Nuclear energy is an almost entirely clean source of energy production, but the University of Bristol has developed a battery to efficiently make use of even the small amount of waste that nuclear reactors produce.
Though nuclear energy simply heats water into steam to power turbines, current nuclear fission reactors produce small amounts of radioactive waste in the form of carbon-14. This waste is small in terms of volume (especially when compared to the total energy output,) however it is also highly radioactive and thus very dangerous.
The University of Bristol's battery can make use of this radioactivity in order to generate energy. It uses a diamond -- which is a carbon structure -- to absorb the radioactivity from carbon-14 and turn it into energy.
The University of Bristol's Battery Can Convert Nuclear Waste
1. Waste-converting Batteries - Exploring the development of batteries that can convert waste into energy.
2. Clean Energy Innovation - Focusing on the advancement of clean energy technologies to optimize sustainability.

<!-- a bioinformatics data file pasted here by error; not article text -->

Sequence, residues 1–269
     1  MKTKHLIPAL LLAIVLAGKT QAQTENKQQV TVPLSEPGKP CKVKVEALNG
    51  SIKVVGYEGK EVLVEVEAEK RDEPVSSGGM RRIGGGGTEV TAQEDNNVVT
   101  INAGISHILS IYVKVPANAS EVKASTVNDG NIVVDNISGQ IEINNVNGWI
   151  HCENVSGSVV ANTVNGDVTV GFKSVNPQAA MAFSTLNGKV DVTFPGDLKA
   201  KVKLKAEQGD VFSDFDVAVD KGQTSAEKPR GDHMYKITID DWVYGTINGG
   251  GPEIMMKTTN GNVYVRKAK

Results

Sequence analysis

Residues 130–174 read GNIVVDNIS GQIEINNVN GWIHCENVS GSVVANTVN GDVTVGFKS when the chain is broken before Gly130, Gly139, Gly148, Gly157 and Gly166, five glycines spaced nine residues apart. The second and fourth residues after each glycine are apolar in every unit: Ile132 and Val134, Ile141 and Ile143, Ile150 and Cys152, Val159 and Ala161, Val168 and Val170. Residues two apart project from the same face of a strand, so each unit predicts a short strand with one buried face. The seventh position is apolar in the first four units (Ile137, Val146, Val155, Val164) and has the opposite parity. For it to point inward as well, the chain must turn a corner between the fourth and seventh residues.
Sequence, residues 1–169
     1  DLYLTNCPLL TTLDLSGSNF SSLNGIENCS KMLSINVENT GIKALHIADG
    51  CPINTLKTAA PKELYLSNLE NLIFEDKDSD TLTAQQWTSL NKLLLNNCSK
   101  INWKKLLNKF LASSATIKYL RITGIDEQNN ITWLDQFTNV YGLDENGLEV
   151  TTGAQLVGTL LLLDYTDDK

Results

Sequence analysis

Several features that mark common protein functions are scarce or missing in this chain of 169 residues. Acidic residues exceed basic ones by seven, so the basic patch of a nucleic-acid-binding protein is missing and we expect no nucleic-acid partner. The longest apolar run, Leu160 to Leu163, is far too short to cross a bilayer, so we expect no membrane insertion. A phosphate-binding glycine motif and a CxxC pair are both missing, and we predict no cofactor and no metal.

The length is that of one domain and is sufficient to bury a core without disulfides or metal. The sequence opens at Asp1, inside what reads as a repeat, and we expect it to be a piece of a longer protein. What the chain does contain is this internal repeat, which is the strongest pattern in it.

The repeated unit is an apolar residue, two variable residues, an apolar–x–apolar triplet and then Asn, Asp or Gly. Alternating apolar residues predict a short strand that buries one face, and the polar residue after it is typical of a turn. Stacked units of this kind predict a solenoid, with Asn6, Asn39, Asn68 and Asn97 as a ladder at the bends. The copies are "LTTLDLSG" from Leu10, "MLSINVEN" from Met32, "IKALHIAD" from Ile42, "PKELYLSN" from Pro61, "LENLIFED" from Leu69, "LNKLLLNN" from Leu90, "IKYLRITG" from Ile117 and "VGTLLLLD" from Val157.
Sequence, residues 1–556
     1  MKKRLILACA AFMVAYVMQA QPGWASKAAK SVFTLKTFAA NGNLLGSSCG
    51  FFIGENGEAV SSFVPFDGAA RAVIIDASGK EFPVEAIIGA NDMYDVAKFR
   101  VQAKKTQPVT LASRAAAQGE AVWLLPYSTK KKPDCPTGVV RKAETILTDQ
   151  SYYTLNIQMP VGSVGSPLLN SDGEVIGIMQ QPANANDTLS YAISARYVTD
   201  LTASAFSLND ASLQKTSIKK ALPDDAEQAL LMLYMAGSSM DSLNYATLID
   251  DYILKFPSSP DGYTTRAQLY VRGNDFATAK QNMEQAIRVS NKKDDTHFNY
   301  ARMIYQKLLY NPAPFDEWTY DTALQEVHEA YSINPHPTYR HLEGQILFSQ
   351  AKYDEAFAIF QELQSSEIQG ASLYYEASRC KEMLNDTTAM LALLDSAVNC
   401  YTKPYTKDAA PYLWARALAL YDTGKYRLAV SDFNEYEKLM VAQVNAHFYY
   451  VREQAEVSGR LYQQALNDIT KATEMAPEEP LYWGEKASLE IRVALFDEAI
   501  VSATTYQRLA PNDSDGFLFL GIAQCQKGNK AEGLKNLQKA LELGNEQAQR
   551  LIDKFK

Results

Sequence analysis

3. Radiation Energy Conversion - Investigating new methods to harness and convert radiation into usable energy sources.
1. Renewable Energy - Opportunity for renewable energy companies to develop waste-converting battery solutions for efficient energy production.
2. Nuclear Power - Potential for nuclear power industry to explore diamond battery technology for safe and efficient waste management.
3. Materials Science - Advancement in materials science field to develop innovative diamond-based battery technologies for various applications.